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787s return, but tests still on hold

Boeing can’t say when an investigation of an electrical fire will be completed and flight testing can resume.

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By Michelle Dunlop
Herald Writer
Published:
Flight testing of the Boeing Co.’s Dreamliner remains on hold, despite the return Tuesday of two 787 test planes to the Puget Sound region.
Boeing is continuing to investigate the electrical fire that forced an emergency landing of the company’s second 787 on Nov. 9, in Laredo, Texas. The company grounded its fleet of six 787 test planes after the incident. A week after the fire, Boeing has yet to determine the effect of the event on 787 deliveries.
“I will tell you that we don’t have a lot of margin in the flight test program,” Randy Tinseth, Boeing’s chief of marketing for commercial airplanes, told the Associated Press. “The airplane hasn’t been flying for a week. We don’t know when it will be resolved, so you can do the math.” He said that the first delivery is still “nominally” scheduled for the mid-first quarter of 2011.
The company had been expected to deliver the first 787 in February to Japan’s All Nippon Airways. The Dreamliner program already was running nearly three years behind schedule before the electrical fire. And some 787 customers had said their Dreamliner deliveries had been postponed by as much as 10 months before the incident last week.
“No decision has been reached on when flight testing of the 787 will resume. Before that decision can be made, we must complete the investigation and assess whether any design changes are necessary,” Boeing said in a statement.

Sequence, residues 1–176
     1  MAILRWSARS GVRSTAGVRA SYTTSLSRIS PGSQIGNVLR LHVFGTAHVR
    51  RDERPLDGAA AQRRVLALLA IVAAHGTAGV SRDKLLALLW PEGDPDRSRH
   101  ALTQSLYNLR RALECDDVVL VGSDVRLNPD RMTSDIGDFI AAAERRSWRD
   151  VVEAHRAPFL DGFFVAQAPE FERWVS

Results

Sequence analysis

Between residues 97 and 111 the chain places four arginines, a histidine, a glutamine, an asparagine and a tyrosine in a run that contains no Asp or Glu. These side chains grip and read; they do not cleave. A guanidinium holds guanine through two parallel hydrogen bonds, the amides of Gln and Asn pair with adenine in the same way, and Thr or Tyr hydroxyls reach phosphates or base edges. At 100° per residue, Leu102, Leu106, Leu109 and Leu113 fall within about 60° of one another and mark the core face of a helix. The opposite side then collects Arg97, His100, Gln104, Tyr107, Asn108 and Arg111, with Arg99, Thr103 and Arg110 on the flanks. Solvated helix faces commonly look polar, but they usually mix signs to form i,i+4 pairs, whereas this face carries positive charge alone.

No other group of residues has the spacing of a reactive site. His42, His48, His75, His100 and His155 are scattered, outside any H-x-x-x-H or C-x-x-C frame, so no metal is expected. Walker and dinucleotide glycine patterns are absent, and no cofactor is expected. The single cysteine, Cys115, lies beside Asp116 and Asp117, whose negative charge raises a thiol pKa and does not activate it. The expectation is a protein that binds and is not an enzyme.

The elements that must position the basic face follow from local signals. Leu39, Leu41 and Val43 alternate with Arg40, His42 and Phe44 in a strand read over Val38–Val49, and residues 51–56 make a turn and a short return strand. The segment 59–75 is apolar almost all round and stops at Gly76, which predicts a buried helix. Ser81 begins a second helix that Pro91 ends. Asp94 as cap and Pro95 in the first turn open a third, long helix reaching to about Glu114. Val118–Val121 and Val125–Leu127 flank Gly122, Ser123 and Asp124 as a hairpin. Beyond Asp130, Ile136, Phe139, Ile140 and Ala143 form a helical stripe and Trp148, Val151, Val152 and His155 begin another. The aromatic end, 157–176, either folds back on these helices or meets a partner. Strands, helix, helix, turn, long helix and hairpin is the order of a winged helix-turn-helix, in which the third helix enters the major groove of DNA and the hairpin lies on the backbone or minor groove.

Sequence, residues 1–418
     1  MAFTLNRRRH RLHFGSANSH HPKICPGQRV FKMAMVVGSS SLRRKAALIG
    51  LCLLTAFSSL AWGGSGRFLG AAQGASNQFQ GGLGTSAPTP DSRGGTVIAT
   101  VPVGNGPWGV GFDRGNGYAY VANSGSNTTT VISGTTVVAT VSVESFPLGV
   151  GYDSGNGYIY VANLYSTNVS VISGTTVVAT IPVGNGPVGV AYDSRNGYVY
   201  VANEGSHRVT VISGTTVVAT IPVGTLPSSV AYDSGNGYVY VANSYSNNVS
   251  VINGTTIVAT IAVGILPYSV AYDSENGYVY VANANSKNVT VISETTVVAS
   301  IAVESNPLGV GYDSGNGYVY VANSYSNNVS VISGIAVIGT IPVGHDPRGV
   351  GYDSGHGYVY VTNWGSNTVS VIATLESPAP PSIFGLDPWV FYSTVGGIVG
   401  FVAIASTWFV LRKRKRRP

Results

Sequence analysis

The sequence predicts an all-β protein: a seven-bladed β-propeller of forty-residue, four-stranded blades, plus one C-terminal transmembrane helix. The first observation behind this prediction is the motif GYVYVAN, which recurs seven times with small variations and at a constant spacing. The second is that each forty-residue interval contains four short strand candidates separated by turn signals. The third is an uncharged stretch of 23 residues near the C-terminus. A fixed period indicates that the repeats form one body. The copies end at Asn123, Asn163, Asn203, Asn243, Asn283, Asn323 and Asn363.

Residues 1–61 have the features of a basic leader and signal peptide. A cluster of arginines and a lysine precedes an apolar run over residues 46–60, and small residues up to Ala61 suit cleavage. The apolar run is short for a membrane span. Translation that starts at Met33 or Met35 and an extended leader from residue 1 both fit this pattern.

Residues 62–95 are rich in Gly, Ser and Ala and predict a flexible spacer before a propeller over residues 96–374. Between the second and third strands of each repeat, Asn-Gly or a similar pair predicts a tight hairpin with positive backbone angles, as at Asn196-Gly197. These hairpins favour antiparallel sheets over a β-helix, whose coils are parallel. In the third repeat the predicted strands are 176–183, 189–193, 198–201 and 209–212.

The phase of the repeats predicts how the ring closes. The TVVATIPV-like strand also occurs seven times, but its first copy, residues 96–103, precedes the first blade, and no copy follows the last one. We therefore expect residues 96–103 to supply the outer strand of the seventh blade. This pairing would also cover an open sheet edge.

Although testing is on hold, Boeing brought back two 787s to Seattle — a plan that the U.S. Federal Aviation Administration approved, Boeing said. Boeing’s first 787, which was in Rapid City, S.D., arrived at Boeing Field shortly around noon Tuesday. The pilots reported that the flight was uneventful, wrote Boeing spokeswoman Lori Gunter in an e-mail. The fifth 787 flew back from Victorville, Calif., late in the afternoon.
Boeing did not conduct tests on the flights to Seattle.
Boeing had a few new details about the Nov. 9 fire on the second 787. The fire lasted less than 30 seconds, the company said. And the airplane would have been able to return to an airport for normal landing after the fire, Boeing said.
Boeing workers removed a panel from the rear electronics bay on the second Dreamliner where the fire started. That panel was sent to Seattle late last week to be inspected. Boeing’s team in Texas has completed its inspection of the second 787 and is preparing to install a new power panel and new insulation material, Boeing said. The workers also are repairing minor structural damage from the event.
Boeing is evaluating how long the work will take. Boeing’s shares dropped 1.3 percent Tuesday to close at $62.78.
Story tags » Boeing

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